" [emphasis added] I t mentioned. owners of Target and B. El Rey i s s t i l l a t large. " The l e t t e r was not published. Fortunately.. a professor who had made some d i s p a r a g i n g remarks about the project. supposedly worth over $5. team to Everest. Lennon r e c e i v e d a l e t t e r signed by 'El Rey' ( t h e king). would h e r fundraising for research be described as 'fraud*? Savoy blamed the Brennan a r t i c l e for disrupting the funding he expected for an upcoming expedition Wheeler circulated Brennan's piece a t the National Geographic but w r i t e r Loren Mclntyre accompanied Savoy on h i s t r i p anyway. only 'conquer. (No. McGoodwin claimed in a subsequent lawsuit that he also was subjected to a polygraph t e s t that "was used as an attempt to. B y spring. But the strategy of trying t o bar other groups from t o u r i n g Gran P a j a t e n became a p p a r e n t when Lovett got two friends t o pay $10. Soliciting foundation grants takes time and probably would arouse some opposition from skeptical academics." That h i s suspicions were based on the work of others would be tantamount to a confession that funds were being s o l i c i t e d under false p r e tenses." Brennan claimed that the Chief Deputy District Attorney of Beno had stated that Savoy's s o l i c i t a t i o n of donations to find the Inca's House of the Sun at Pitcos was a 'potentially fraudulent' misuse of the church's tax-exempt s t a t u s . Brennan a t t r i b u t e s t o me are denied. a Mormon. short one with a shining head" — apparently meaning Dennis Van Gerven. d i s c r e t i o n a r y funds. f o u r t h .000 from a Boulder bank. Hirca Tours s t i l l o f f e r e d i t s two-week t o u r — through various European and US.000 from his own pocket and l e f t t o run Northwestern University. No charges have ever been f i l e d . Lennon and an advance team l e f t for Gran . inasmuch as none of the accusations and innuendi directed a t Savoy affected his c r e d i b i l i t y as an explorer or the fact that he had v i s i t e d and w r i t t e n about Gran Pajaten long before any of the Boulder Boys knew of i t s existence.000 for the summer.' but she gave no hint of the e x t e n t of p r e v i o u s work or the debt owed Savoy. tents. El Rey warned that the ruins a t Gran Pajaten were sacred and ought not be disturbed.000 r e t a i l .000 w o r th of equipment. the second wave of self-congratulatory releases was in full flower: The CU alumni magazine announced Gran Pajaten "holds the remnants of a pre-Inca c i v i l i z a t i o n that has never been fully investigated. Brenton and a f r i e n d donated Lennon's s a l a r y of $6. the 'world wide media attention' focused on the project. t o l d r e p o r t e r s . Wheeler worshipped vicuna dung i n s t e a d of a p r o p e r d e i t y . Shankman nonetheless figured the reference to Van Gerven "might conceivably be interpreted as a p o t e n t i a l t h r e a t . The bad publicity made CU o f f i c i a l s so anxious that they began looking for conspirators and saboteurs amongst themselves. i n c l u d i n g 25 packs. Chairman of the Anthropology Department. Scoffing a t the need for a warrant.' But Science Digest cancelled i t s financial backing overnight. I believe Mr.S. Johnson wrote in another school publication that Torrealba ' f i r s t found' Gran Pajaten and Teruvian archaeolog i s t s soon followed. according t o Savoy. newly appointed coord i n a t o r for the CU p r o j e c t .coerce a confession. Union Carbide donated f l a s h l i g h ts and b a t t e r i e s . she a g a i n o f f e r e d c l u e s t o more ' d i s coveries': "Although 18 structures are known a t Gran Pajaten. of course. New Balance gave 30 pairs of hiking boots. he d i d no t c l a i m t o d i s c o v e r i t . Lovett also arranged an interest-fre e loan of $25. a Mennonite or member of some o t h e r l e s s c o n v e n t i o n a l m i n i empire of rel igio-f inance. John Lovett knew Lou Whittaker. O r d i n a r i l y a r e a s o n a b l e man. a Denver-based a f f i l i a t e whose p a r t n e r s include Cesar Rojas. Lennon been a Muslim. would have to be used. rather than taxpayers' money. They found one about the time they l o s t t h e i r sense of humor. I n s t e a d . including Trekperu. tour companies. That left c o r p o r a t e s p o n s o r s and r i c h patrons. On Feb.000 budget.000 s h o r t of i t s $200. 'For some reason somebody i s i n business t o embarass the university. the climber who led a U." P a t t i Moore. Van Gerven was set to go t o Peru t o study the remains i n the burial chambers. The counter-offensive continued with an attempt by CD officials t o get the Peruvian government to prohibit 'unauthorized' v i s i t o r s t o Gran P a j a t e n .. and R i l e y f e l t compelled t o w r i t e t h e Rocky Mountain News after Brennan's a r t i c l e was printed: 'The quotations which Mr. i n s i s t i n g he was a 'legitimate explorer. S t i l l . Which raises the question: Did Brennan inspect the religious a f f i l i a t i o n s of the CU crowd? Bad Dr. Brennan should be admonished to be more c a r e f u l i n making q u o t a t i o n s and t o d i f f e r e n t i a t e between f a c t u a l and h y p o t h e t i c a l s i t u a t i o n s . the p r o j e c t came up 850. however. the university had t o provide half of the funding.000 each for the privilege of accompanying the expedition: Judson and Lisa Dayton of Minneapolis are h e i r s to the DaytonHudson Corp. upset and frightened him" that he had to seek professonal counseling.l a r g e s t non-food r e t a i l e r i n the country.. a member of South American Explorers Club and husband of Linda Rojas. sleeping bags and clothing.1) Whittaker a r r a n g e d c o n t r i b u t i o n s from two companies for whom he wrorks: JanSport supplied 840." McGoodwin said a l l t h i s "so intimidated. What any of t h i s had to do with Gran Pajaten — other than establishing Brennan's credentials with the University — is speculative. 13. they searched the office of James McGoodwin. Dr. Because the University's budget i s closely cont r o l l e d by the s t a t e l e g i s l a t u r e . a skeletal biologist who j u s t happens t o be 5 feet. Somewhat chastened. 4 inches t a l l and bald. but omitted the bad l i g h t in which i t was bathed as a r e s u l t . Dalton stores." But the University's motive in maintaining a p o t e n t i a l l y lucrative monopoly on Rio Abiseo National Park would become increasingly transparent. another arrived a few days l a t e r. and Lennon already was having trouble a t tracting financing. In May. 20 p a i r s of lighter-weight boots and another 20 p a i r s of running shoes for the porters. Further. President Weber gave $1. " So he turned them over t o t h e university police. Lennon suspects the Andean highlands hide many more. Other companies gave prepared food and other equipment a t cost. " I haven't figured out the motive yet. would Brennan have branded him a c u l t i s t ? If Dr.i s a fraud. The l e t t e r made refer ence to "a strange. Lennon took the l e t t e r s t o Paul Shankman.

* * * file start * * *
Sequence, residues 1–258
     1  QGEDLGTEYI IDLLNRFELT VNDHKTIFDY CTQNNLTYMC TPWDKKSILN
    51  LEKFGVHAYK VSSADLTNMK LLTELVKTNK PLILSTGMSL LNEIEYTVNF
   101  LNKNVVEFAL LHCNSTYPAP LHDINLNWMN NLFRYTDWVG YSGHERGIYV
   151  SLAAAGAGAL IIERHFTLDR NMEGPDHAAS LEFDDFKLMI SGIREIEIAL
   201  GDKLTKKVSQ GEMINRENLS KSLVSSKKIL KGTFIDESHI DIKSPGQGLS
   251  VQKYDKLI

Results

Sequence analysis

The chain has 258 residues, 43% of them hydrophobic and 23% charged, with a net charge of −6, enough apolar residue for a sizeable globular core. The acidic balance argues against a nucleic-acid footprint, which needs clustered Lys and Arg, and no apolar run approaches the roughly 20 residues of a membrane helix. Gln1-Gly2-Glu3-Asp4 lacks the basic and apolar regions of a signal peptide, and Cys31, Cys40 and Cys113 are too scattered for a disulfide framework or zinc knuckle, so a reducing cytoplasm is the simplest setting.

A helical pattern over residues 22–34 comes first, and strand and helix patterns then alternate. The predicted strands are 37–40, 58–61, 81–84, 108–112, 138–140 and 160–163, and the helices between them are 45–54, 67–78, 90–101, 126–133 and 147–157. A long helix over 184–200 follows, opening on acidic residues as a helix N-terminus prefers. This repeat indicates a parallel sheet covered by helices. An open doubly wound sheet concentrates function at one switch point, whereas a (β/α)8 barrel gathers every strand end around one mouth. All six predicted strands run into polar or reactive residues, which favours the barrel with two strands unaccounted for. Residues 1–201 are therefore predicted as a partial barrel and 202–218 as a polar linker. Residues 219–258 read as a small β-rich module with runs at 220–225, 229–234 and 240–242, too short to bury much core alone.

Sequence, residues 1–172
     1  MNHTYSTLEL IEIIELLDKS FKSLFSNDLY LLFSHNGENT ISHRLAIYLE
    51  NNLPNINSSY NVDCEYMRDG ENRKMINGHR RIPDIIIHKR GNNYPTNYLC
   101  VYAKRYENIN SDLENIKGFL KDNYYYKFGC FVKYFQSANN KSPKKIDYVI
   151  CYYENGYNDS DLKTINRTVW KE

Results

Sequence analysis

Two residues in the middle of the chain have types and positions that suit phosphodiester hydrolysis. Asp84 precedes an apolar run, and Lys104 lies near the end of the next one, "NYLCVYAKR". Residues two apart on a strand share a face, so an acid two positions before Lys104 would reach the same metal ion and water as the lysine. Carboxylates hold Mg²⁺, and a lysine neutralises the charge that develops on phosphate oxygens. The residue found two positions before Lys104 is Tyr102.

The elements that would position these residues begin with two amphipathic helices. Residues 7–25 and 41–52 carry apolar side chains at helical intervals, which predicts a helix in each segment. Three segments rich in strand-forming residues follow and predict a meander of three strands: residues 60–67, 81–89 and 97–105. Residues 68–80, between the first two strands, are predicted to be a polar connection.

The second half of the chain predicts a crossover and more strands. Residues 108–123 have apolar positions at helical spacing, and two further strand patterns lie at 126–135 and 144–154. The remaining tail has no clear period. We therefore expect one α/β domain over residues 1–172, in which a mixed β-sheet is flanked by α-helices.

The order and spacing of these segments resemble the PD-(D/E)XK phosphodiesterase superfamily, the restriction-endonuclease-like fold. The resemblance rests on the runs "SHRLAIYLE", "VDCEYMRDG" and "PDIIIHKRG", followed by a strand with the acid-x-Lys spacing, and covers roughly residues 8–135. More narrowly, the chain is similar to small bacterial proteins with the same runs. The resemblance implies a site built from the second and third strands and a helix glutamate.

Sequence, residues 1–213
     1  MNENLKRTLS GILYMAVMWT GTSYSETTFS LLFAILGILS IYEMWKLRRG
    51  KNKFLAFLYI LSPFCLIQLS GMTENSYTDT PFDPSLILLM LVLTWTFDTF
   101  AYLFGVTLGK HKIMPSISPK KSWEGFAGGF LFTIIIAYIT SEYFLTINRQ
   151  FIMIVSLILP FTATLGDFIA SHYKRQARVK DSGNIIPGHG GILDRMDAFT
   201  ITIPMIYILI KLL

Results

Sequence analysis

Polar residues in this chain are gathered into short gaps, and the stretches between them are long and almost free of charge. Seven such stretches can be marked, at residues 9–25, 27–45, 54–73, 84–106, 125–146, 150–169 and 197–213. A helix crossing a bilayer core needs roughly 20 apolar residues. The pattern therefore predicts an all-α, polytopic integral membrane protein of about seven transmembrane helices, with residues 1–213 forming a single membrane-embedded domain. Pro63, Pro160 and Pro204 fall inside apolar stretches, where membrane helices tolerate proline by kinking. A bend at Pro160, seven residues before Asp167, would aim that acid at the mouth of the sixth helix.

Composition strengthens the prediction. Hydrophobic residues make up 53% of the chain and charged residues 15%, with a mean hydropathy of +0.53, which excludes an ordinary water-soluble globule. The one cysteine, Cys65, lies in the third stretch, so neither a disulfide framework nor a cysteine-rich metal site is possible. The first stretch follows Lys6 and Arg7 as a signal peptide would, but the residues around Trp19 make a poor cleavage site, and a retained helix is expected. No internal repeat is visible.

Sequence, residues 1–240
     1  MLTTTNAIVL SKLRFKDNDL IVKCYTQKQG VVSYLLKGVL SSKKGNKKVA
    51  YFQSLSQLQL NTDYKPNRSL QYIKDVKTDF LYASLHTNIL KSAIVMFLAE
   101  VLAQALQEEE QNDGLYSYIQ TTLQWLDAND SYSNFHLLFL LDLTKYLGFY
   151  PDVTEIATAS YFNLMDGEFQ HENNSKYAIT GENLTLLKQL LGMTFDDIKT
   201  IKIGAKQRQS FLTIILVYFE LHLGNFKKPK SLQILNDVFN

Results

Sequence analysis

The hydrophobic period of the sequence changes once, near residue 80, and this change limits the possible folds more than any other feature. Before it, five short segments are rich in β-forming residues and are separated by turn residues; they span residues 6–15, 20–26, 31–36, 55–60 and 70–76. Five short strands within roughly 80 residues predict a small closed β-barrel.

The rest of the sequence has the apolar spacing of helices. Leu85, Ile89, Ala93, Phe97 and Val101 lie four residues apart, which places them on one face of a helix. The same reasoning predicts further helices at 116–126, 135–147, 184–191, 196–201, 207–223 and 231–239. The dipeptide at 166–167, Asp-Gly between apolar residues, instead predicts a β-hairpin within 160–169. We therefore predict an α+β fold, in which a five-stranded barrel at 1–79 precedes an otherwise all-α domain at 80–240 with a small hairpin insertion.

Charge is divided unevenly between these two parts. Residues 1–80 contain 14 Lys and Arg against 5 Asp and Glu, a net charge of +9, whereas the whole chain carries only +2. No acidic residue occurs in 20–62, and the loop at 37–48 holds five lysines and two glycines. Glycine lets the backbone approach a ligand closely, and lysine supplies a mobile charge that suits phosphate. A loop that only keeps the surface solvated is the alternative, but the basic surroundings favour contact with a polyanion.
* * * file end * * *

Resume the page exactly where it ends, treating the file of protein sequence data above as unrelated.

"the maximum a p o r t e r can carry.000 Baby Ruths. 56 pounds of banana chips. 90 packages of chocolate chips.and I ' d seen one or two of these porters going along barefoot. 22 porters hauled nearly five tons of food and equipment t o the base camp at La Playa. I am neither. The 8. Many of them wear j u s t these thongs. "RDINED CITY RXM) IN JUNGLE IN FEHU.500 packages of pre-cooked vacuum-sealed fare. "nor an experienced camper. the s t a t e tourism bureau. Goods and supplies came from the United States because. 80 miles north of Lennon's crew. at a constant pace. "Americans normally need four days t o make the same trip. Exp l o r e r [Gene Savoy] Says S i t e Covers 120 Square Miles and Contains Thousands of Buildings. which were r e s e r v e d for g r i n g o s ) . "—I don't know a l l the wholesalers in northern Peru" Although Moore supposedly had packed the supplies for 35-pound l o a d s .250 peanut and 1." Savoy..." [Emphasis added. archaeologist from the University of Truj i l l o . radioman Jim Snyder said.American c a n d y . so heavy seams s p l i t on their pack-bags. c a r r i e s t h e weight of gold i n the eyes of the native porters-.500 bags of M & Ms (1. 1. and starved t o death. five and a half days a week.000 r o l l s of Life Savers." The porters were paid $8 a day. photographer Greg Jones related. Supplies also included 1. icy r a i n with winds 25 or 30 mph. a citadel on a ridge overlooking the Rio Maranon. 120 packages of s a l t i n e s . " he ad- 18 An "Assertive" Pi nchudo mitted. .350 r o l l s of t o i l e t paper and 6... "Ihey haul loads equal t o a t l e a s t h a l f t h e i r body weight — stupefying. and Rolando Paredes E u z a g u i r r e of the National I n s t i t u t e of C u l t u r e . three more paying customers had been recruited: Brennan of the News.000 pounds of food included 384 ounces of popcorn.000 Butterfingers. supported by Eauffman Doig's N a t i o n a l I n s t i t u t e of Amazonian Culture and Enturperu." someone apparently miscalculated: As CU." As for the donated running shoes (never mind h i k i n g b o o t s . 1. I n l a t e J u n e . s a n d a l . "I realiz e an experienced trekker probably wouldn't have much trouble with t h i s t r i p . said P a t t i Moore. But the Denver papers and t e l e vision stations were too enraptured by local p r e parations for v i s i t i n g t h e i r very own 'Lost City in the Sky' to even mention Savoy's l a t e s t coup. 1. Other than a piece describing the controversy over CU's i n i t i a l c l a i m s as ' s i l l y ' — a c u r i o u s display of j o u r n a l i s t i c even-handedness — Parsons' chief a t t r i b u t e for the t r i p was h i s lack of e x perience.250 p l a i n ) .e s t a b l i s hed: Both bad become apologists for the CU publicity staff. Before the Denver media could reconnoiter Gran Pajaten. " I t ' s amazing what [the p o r t e r s w i l l ] do. announced the discovery of Gran Vilaya." Brennan divined the secret to the porters' prowess: "It's been said that if the [Peruvian] porters have coca leaves and candy. 45 of oatmeal c o o k i e s . B y then.. on J u l y 7. couldn't relocate i t .000 z i p lock p l a s t i c bags. and 1. 144 b o t t l e s of powdered Tang. . self-described 'couch p o t a t o ' Dana P a r s o n s of t h e P o s t . l e a d e r of a 25-member e x p e d i t i o n ." Later he would write that porters could e w e r "in two hours — w i t h l o a d s weighing as much as 90 pounds — what i t took some of the most physically f i t [North] Americans three or four hours to comp l e t e w i t h no packs on t h e i r backs.] One p o r t e r made the t r i p from P u e r t a del Monte back to Pataz and returned to La Playa with a load of kerosene in j u s t 36 hours." Whether t h i s was a typical case of CU's exaggeration or an equally typical example of reporter's misinterpretation i s anybody's guess: Suffice to say there i s no evidence that anybody has yet died on t h e i r way in or out of Gran Pajaten. The New York Times. They were accompanied by Miguel Cornejo Garcia. Brennan's and Malmsbury's qualifications were w e l l . Moore faced down a s t r i k e by the porters and muleteers for more pay by threatening to replace them. 720 Hershey b a r s . even though Associated Press carried the news around the . and Todd Malmsbury of the Boulder Daily Camera.t y p e t h i n g s t o t a l l y open t o the weather and the cold—We had cold. 48 15-ounce cans of c h i l i with beans. they w i l l dc anything for you. announced. 1985." Parsons' trepidation was not eased by a t a l e from Leimon and Wheeler about another group who had been t o Gran Pajaten: 'Ihey got off the t r a i l .500 Twix bars. 480 packages of chocolate pudding.. They work 10 hour days.Pajaten. 2. 1. 960 Snickers. eye-bulging loads.